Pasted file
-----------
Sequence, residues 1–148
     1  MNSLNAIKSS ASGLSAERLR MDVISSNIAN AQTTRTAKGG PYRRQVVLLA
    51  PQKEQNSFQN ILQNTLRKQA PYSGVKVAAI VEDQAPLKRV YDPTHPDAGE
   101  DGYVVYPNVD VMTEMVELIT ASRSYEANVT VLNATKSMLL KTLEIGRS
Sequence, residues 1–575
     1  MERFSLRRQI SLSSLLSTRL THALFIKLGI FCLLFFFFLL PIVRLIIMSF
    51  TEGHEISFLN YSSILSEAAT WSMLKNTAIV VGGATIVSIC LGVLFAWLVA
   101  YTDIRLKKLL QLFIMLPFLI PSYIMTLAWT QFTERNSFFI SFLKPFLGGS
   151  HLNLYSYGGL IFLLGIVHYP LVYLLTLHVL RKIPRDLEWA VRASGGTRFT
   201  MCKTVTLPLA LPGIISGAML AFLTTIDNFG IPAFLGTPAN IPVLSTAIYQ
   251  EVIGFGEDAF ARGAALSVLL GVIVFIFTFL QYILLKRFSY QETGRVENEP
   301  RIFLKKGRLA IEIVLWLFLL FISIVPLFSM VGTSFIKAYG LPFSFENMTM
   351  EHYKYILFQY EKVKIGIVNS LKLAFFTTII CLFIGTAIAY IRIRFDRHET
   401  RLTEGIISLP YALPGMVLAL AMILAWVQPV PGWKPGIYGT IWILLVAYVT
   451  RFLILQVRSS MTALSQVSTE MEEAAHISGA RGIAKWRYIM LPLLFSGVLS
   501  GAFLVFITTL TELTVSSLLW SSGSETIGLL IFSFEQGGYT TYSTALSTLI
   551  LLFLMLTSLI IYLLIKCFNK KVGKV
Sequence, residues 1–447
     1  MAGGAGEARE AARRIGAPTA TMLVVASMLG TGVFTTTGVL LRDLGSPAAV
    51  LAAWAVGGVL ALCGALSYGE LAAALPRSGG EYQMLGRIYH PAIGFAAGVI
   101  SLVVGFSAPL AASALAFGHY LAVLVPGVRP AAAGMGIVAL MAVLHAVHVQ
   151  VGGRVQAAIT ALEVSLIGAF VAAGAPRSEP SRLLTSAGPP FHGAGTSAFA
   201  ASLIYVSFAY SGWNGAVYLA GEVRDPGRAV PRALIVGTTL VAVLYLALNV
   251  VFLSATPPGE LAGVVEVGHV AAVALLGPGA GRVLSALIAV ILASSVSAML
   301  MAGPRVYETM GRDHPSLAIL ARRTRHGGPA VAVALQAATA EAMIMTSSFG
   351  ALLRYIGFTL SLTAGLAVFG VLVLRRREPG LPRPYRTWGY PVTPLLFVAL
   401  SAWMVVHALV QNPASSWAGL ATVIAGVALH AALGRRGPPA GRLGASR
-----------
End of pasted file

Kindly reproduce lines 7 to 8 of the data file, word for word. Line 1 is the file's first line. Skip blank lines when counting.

    51  TEGHEISFLN YSSILSEAAT WSMLKNTAIV VGGATIVSIC LGVLFAWLVA
   101  YTDIRLKKLL QLFIMLPFLI PSYIMTLAWT QFTERNSFFI SFLKPFLGGS